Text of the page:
Lieutenant Viktor Ivanovich Belenko of the Soviet Air Defense Forces shocked the world when he went on a regular practice drill in 1976 and just took off in a MIG-25. It was a daring escape he had planned for a long time. Belenko landed in Japan intending to defect, but the authorities back home were much more concerned with the plane than they were with Belenko. They demanded their plane back immediately. Read the story of the pilot who just took off with the mystery plane at Amusing Planet.   

(Image credit: Leonid Faerberg)


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Which Apples Taste the Best?

Only a few decades ago, you could go into the biggest supermarket in town and find only two or three kinds of apples: red delicious, golden delicious (maybe), and Granny Smith. The delicious apples went into the children's lunch bags, and the Granny Smiths made an apple pie. Now supermarkets are much larger, and you'll find a dozen or more varieties of apples. Some are new hybrids, while others are heritage apples from hundreds of years ago, the result of tracing varieties back to their roots or searching for historic trees

Doing your own taste test could be fun, but keeping single apples labeled correctly might be difficult, and some must be bought by the bag. Therefore, Thrillist did the work for you, and ranked the 18 most common varieties of apples by their taste. As you might have guessed, the red delicious ranked at the very bottom. They may be red, but they are only delicious to children who don't know how an apple should taste.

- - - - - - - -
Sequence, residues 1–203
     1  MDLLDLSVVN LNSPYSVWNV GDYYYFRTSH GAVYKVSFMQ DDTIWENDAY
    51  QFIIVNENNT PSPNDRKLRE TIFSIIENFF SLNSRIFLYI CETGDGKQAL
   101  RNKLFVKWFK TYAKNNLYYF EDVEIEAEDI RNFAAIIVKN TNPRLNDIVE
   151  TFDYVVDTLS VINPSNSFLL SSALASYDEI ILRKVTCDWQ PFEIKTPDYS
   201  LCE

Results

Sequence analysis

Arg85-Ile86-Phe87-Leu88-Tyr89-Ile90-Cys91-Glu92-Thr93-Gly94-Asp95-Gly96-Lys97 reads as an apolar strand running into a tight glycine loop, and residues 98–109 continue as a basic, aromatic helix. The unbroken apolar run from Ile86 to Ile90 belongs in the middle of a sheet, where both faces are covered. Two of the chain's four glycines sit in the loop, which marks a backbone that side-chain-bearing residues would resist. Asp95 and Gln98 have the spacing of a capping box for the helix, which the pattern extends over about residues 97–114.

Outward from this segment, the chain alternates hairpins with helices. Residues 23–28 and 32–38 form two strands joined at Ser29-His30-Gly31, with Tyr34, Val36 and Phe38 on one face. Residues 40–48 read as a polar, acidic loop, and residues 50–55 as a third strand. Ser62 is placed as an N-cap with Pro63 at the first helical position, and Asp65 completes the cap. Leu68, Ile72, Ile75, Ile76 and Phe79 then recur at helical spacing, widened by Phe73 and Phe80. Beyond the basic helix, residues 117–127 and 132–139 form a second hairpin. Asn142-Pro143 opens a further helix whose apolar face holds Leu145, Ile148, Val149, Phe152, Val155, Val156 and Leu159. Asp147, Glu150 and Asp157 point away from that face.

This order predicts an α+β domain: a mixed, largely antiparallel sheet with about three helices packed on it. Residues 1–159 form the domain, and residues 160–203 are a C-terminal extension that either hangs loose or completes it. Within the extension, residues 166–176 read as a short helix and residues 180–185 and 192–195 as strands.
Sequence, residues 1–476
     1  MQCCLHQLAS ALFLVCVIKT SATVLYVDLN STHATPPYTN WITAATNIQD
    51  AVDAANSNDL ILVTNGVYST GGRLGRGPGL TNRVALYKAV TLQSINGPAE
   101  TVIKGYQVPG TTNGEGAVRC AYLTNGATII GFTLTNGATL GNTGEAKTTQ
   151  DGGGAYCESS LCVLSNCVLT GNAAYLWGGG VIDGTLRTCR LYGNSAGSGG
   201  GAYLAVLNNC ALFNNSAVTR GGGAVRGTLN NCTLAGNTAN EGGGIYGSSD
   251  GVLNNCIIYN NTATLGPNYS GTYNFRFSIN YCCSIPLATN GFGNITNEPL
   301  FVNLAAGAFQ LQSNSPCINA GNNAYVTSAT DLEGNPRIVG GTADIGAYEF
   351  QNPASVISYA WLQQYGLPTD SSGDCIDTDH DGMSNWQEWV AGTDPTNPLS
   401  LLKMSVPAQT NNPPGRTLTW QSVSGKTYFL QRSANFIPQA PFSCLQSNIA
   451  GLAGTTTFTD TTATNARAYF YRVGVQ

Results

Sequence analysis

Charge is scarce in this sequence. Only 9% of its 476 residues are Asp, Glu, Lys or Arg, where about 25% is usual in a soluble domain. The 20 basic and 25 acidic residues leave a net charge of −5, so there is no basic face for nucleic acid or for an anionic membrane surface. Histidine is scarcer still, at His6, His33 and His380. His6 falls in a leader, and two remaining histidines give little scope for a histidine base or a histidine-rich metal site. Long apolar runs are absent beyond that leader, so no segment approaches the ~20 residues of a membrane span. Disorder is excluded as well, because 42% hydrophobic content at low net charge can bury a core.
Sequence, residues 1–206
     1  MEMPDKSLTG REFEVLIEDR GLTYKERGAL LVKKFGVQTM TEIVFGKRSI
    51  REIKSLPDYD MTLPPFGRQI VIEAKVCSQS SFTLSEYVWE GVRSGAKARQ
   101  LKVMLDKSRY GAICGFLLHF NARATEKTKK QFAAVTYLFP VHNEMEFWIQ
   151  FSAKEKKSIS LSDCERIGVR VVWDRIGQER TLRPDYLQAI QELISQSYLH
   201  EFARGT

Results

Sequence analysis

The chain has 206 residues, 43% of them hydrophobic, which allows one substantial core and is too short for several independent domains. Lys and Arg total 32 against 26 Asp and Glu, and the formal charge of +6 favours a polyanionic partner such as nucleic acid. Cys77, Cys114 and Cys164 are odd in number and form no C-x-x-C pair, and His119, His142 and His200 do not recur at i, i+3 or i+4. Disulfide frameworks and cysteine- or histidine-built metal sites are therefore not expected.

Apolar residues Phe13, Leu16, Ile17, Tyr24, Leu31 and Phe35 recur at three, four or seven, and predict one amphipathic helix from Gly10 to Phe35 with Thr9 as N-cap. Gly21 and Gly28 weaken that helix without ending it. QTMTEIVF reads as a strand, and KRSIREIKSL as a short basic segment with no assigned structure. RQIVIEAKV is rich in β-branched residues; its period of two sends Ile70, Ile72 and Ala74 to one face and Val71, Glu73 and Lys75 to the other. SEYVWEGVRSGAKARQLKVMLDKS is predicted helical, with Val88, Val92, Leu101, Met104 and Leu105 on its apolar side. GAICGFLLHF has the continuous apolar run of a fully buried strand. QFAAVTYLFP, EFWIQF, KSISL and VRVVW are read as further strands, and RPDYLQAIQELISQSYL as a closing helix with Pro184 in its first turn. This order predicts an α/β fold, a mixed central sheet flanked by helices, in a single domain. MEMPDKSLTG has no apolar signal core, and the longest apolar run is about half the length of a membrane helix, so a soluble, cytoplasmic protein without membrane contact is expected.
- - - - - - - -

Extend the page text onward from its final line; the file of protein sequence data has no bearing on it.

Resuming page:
There are probably quite a few apples you've never heard of on the list that might be worth seeking out. And there are many varieties that don't appear on the list at all, because they may be only available in certain areas for a limited time. But trying a new variety is the perfect way to celebrate the last few days of September, which is Apple Month. You'll also learn a few tidbits about apples, like who Granny Smiths were named for.